Trump Said to Visit China in November Amid North Korea Tensions
(Bloomberg) -- U.S. President Donald Trump will visit China in November, a person familiar with his plans said, as tensions flare on the Korean peninsula due to Pyongyang’s nuclear and missile tests.
White House officials declined to comment. Trump is expected to attend the Asia-Pacific Economic Cooperation and Association of South East Asian Nations summits in Vietnam and the Philippines in November.
Chinese President Xi Jinping invited Trump to pay a state visit to China when the two leaders met for the first time at Trump’s golf resort in Florida in April. During that meeting, Trump notified Xi that he had authorized air strikes on Syria over allegations of chemical-weapons use.
Trump said he’d taken a liking to the Chinese leader, but in the months since, he’s reverted to criticizing China for its trade policies and has accused the country of failing to exert sufficient pressure on North Korea. He regularly calls on China to stop North Korea’s nuclear advancement and said in July it could “easily” end the crisis.
Leaders in Beijing see the opposite. While the U.S. and China agree the Korean peninsula should be rid of nuclear weapons, they differ on how best to achieve that. The sense of urgency is heightened in Washington, as the U.S. suddenly finds itself potentially in range of Kim Jong Un’s nuclear weapons, whereas China and North Korea’s other neighbors have lived with the threat for years.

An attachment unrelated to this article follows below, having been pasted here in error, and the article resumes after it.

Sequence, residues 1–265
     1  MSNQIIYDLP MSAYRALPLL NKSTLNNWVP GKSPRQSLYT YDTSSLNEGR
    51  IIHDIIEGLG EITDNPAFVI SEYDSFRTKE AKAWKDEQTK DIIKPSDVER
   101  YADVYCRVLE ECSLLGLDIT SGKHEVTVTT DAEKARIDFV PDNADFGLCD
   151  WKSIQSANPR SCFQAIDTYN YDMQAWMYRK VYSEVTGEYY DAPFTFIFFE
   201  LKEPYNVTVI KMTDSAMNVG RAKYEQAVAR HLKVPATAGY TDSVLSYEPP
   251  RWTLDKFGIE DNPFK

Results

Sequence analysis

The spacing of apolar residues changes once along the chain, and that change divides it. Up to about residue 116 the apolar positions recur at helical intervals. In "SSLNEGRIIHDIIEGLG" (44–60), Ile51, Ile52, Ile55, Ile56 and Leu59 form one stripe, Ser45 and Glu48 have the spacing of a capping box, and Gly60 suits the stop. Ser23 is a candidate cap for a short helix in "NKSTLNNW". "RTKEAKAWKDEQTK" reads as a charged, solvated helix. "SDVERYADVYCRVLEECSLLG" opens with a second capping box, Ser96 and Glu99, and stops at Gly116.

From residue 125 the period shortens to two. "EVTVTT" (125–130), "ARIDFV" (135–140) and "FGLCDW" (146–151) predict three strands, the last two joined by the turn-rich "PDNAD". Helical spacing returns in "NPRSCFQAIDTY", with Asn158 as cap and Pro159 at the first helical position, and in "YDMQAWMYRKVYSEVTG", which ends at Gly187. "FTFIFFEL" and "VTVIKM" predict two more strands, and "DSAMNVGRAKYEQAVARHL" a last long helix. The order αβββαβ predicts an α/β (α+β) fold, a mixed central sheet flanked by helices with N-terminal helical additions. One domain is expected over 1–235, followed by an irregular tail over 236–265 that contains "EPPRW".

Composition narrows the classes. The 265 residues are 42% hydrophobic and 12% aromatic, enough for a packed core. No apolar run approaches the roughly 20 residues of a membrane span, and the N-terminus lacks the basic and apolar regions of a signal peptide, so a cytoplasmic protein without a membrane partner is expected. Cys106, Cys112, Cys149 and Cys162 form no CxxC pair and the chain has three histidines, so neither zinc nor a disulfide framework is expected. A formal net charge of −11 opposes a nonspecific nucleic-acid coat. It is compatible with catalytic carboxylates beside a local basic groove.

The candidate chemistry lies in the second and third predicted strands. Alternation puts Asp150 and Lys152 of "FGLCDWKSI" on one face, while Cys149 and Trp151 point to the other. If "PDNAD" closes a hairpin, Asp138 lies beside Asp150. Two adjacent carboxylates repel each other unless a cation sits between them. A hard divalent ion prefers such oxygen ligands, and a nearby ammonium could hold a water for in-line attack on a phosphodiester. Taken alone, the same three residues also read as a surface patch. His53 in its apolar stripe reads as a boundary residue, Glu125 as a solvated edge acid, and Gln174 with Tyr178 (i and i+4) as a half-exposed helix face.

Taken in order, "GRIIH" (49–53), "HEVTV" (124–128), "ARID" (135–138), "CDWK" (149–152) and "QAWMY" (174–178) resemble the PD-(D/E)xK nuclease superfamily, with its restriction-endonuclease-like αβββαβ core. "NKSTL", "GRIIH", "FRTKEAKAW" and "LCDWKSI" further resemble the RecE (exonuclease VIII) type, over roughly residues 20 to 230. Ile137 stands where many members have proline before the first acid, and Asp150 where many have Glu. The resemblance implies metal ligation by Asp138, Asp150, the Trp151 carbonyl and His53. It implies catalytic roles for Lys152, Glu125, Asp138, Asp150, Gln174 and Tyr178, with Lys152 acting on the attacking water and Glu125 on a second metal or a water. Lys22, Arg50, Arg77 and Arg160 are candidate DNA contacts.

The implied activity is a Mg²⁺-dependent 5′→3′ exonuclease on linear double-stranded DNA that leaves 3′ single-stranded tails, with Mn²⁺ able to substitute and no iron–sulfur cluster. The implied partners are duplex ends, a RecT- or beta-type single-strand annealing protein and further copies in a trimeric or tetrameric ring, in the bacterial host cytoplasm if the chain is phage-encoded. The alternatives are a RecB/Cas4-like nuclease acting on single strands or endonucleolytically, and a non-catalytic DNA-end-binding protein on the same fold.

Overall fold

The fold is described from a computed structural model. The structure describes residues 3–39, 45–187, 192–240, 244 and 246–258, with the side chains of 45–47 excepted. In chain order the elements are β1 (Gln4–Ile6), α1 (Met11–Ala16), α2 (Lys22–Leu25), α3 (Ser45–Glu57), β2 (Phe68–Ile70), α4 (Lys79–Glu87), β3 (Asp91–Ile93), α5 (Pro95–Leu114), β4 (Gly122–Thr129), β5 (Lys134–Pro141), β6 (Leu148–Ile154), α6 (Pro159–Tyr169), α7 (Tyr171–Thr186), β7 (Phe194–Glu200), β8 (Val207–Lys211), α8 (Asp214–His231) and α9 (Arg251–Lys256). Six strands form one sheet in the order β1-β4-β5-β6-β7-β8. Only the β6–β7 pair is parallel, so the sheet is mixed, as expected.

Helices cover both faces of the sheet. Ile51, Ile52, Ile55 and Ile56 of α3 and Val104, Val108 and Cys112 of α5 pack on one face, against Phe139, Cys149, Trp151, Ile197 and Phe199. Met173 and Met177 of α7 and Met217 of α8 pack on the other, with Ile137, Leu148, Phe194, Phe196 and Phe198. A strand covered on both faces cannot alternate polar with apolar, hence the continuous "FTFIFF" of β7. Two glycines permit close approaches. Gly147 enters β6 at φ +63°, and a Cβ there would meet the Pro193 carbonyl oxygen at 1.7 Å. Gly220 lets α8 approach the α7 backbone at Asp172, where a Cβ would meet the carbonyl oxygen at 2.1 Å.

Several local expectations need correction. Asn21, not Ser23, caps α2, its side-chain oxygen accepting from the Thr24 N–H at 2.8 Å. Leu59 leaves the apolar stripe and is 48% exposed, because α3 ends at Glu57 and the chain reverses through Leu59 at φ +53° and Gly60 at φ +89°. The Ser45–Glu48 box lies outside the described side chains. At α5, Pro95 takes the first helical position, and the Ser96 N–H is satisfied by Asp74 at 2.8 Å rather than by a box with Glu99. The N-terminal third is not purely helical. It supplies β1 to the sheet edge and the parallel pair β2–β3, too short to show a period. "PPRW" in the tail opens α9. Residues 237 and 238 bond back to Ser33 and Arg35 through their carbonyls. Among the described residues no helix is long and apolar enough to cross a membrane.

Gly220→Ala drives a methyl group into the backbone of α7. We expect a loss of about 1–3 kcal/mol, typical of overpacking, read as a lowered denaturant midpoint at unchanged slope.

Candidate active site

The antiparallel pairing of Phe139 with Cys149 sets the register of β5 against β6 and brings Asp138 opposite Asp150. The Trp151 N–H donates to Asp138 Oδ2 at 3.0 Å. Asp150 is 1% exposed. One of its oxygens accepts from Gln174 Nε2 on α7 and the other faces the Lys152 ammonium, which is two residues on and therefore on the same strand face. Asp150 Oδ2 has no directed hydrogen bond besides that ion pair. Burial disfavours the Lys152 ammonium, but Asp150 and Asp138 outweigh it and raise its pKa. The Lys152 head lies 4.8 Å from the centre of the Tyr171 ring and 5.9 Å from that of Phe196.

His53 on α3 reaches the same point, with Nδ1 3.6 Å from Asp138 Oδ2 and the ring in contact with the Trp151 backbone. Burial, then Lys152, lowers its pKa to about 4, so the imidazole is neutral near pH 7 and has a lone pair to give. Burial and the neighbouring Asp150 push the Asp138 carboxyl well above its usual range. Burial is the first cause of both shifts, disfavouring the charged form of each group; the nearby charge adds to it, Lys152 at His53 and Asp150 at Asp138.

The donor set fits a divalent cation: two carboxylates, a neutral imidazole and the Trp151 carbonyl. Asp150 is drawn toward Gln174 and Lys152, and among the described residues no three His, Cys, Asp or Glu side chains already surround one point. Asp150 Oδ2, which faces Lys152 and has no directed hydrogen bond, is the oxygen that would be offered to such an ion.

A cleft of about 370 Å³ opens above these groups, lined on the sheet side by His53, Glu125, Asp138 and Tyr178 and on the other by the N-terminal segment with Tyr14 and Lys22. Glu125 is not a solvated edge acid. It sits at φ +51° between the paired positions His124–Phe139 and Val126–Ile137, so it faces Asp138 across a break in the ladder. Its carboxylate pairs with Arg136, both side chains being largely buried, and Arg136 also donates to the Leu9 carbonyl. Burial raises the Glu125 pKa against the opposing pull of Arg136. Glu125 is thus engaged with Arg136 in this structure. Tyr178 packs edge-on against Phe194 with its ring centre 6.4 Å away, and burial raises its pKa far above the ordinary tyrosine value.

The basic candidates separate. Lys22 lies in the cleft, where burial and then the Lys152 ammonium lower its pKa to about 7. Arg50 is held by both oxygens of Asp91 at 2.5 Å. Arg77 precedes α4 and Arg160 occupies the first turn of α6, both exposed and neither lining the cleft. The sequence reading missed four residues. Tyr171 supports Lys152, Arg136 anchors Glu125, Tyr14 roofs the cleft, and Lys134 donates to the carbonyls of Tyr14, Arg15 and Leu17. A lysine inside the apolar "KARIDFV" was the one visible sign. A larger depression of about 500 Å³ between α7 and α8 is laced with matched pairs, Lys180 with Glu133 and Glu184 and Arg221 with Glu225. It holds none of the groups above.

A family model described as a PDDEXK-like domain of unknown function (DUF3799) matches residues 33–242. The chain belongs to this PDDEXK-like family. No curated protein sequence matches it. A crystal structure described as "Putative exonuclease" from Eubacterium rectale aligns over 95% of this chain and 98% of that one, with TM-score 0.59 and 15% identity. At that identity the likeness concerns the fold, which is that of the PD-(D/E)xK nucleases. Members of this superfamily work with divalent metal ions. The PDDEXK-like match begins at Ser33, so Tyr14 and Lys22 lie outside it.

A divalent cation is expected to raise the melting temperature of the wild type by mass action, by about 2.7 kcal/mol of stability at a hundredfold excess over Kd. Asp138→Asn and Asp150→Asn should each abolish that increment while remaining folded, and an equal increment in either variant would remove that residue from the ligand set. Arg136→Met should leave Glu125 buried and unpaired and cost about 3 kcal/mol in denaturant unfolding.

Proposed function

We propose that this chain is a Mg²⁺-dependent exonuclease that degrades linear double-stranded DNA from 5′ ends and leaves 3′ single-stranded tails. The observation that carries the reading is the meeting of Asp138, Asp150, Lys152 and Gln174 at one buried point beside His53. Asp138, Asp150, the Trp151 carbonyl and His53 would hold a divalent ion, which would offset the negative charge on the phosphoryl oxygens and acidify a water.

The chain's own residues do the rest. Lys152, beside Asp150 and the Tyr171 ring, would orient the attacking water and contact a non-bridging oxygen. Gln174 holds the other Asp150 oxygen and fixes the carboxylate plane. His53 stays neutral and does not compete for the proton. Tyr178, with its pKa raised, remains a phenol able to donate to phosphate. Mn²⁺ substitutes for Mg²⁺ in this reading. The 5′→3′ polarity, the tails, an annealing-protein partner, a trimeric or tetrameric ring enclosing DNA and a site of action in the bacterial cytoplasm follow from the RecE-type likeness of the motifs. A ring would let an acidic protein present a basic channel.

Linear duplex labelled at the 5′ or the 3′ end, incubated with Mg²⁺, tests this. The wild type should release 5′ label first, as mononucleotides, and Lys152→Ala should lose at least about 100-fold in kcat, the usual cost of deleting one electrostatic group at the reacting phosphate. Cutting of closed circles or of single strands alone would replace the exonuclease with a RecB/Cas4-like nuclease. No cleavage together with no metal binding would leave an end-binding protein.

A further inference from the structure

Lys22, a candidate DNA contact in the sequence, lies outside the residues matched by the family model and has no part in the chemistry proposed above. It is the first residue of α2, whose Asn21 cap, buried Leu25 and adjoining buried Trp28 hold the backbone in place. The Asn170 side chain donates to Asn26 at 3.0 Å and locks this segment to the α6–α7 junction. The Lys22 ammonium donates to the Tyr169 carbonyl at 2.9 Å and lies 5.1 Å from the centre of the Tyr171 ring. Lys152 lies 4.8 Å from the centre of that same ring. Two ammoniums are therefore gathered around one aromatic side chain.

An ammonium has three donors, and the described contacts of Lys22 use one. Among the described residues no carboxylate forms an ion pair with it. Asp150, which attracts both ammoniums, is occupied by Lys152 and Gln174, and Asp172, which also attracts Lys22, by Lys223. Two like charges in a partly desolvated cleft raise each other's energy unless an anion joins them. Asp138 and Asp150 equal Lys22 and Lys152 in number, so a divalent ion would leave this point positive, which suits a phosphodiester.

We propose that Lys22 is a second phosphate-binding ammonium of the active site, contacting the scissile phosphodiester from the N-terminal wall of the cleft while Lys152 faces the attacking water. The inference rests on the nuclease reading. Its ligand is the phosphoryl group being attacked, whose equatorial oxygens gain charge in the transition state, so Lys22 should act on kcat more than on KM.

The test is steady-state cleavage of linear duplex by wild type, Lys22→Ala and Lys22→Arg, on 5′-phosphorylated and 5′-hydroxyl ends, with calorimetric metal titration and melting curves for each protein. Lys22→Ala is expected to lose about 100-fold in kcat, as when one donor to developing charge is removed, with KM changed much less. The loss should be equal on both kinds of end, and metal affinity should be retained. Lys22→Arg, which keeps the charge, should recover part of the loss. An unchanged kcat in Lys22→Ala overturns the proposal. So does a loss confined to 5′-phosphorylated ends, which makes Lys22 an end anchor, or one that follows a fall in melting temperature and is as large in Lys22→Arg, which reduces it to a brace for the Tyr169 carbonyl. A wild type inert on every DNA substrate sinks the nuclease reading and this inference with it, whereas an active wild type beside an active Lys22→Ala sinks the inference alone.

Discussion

“I am very disappointed in China,” Trump posted on Twitter in July. “Our foolish past leaders have allowed them to make hundreds of billions of dollars a year in trade, yet they do NOTHING for us with North Korea, just talk. We will no longer allow this to continue. China could easily solve this problem!”
Trump’s trip to China will come more than a year after former President Barack Obama traveled to the country for the Group of 20 nations summit, a visit that underscored the complicated relationship between the world’s two largest economies.
When Obama landed in Hangzhou, there were no stairs waiting for him to deplane from Air Force One. The mishap was viewed by many as a snub from the Chinese government. Trump, who was campaigning for the presidency, said at the time that Obama should have returned to the U.S. rather than disembark from the plane’s lower set of stairs.
During his term, Obama regularly criticized the Chinese government over its handling of a territorial dispute in the South China Sea, practices targeting U.S. intellectual property and human rights issues.